Dawes Act and Native Americans

By: Camryn and Grace

Thesis Statement

The Dawes Severalty Act of 1887 affected Indians greatly, without them really even knowing. Although the Act was meant to help the Indians, it had more of a negative effect on their lives



An actual picture of the Dawes Act- CK

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What is the Dawes Act?

The Dawes Severalty Act was created to assimilate the Indians into the "mainstream" white society and protect their land rights.(4) The government wanted Indians to become American citizens and rid them of their tribal traditions.(7) The author of this Act was Senator Henry L. Dawes, and it was approved on February 8th, 1887(6). It allowed the head of a family 160 acres of land(6), but some other people were only allotted 80 acres of land. Allotments that were to be only for grazing were doubled in size.(8) The Indians and other people did not own the land, the government held it for 25 years, and after that period, the Indians became U.S. citizens.(6) The act did not only apply to Indians, it was useful for orphans and settlers under 18.(2) They were allowed 40 acres of land.(6)


CK & GM

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A poster advertising the land the indians were allowed to buy- CK

Negative Effects of the Dawes Act

The Dawes Act was never originally meant to harm the indians, it was meant to benefit them. However, there were still many negative effects on the indians. For example, the act broke up indian tribal mass, and actually reduced the amount of land the indians held.(7) The act also created many opportunities for white plundering of indian land.(2) It was easy for them to take advantage of the indians, because they had no experiennce with private land ownership.(6) They lost about 86 million acres of the 130 million they were given, and most of the land remaining was not suitable for farming.(6) Since, the act was created to make indians more like the Americans, it succeeded in disrupting what was left of traditional native american culture, and divided the land.(2)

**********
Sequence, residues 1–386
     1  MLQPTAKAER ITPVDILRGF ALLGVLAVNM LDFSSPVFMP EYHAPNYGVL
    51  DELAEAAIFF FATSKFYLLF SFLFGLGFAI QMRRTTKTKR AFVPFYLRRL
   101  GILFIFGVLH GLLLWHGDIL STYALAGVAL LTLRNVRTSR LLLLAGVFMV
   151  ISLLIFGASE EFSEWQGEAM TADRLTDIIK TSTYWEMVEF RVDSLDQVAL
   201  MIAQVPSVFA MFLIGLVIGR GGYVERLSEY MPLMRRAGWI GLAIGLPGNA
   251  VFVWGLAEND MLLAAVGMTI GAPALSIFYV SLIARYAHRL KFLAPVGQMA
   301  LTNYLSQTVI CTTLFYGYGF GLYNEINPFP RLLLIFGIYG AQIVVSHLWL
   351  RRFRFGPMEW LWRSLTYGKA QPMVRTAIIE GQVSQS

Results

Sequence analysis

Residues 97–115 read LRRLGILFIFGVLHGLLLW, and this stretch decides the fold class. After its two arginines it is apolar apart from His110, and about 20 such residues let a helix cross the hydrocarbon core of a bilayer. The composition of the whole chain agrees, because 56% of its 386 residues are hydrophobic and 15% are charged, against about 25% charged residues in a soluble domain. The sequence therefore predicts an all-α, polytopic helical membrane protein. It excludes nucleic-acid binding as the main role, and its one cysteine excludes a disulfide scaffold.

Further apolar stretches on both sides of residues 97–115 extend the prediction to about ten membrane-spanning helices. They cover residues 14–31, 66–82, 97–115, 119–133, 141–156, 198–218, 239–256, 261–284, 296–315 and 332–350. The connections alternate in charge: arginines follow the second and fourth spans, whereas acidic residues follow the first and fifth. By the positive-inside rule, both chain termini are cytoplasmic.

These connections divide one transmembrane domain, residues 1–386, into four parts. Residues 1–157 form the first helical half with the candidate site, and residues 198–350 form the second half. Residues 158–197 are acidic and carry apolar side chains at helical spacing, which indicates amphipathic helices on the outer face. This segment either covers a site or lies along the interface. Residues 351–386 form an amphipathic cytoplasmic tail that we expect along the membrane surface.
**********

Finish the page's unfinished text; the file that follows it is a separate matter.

CK

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This graph compares the land the indians were given to the land that they lost- CK

Important People to the Dawes Act:

First and third pictures added by GM

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This map shows the Land the indians had left after it was taken away.- CK

The Dawes Act of 1887

A video describing the Dawes act of 1887- CK

Boarding Schools for the Indians

The Dawes Act contained rules about schooling also. Most Indian children were forced to go to school. Thomas Morgan, who was the commissioner of Indian Affairs made sure this part of this act went into effect. He was basically trying to make them like the white children. They were subject to an 8-year schooling process. Thomas thought this would give them a 6th grade education and make them more fluent and better at the English language. When the children got to the schools they were washed roughly, their looks were completely changed, and they were not treated very well. The rules of schooling in the Dawes Act changed throughout the years where the children had to learn vocational skills instead of or more than the math. This focused the schooling more on the kinds of jobs and things the children would need for their lives.(9)



GM

Reform/Boarding Schools Today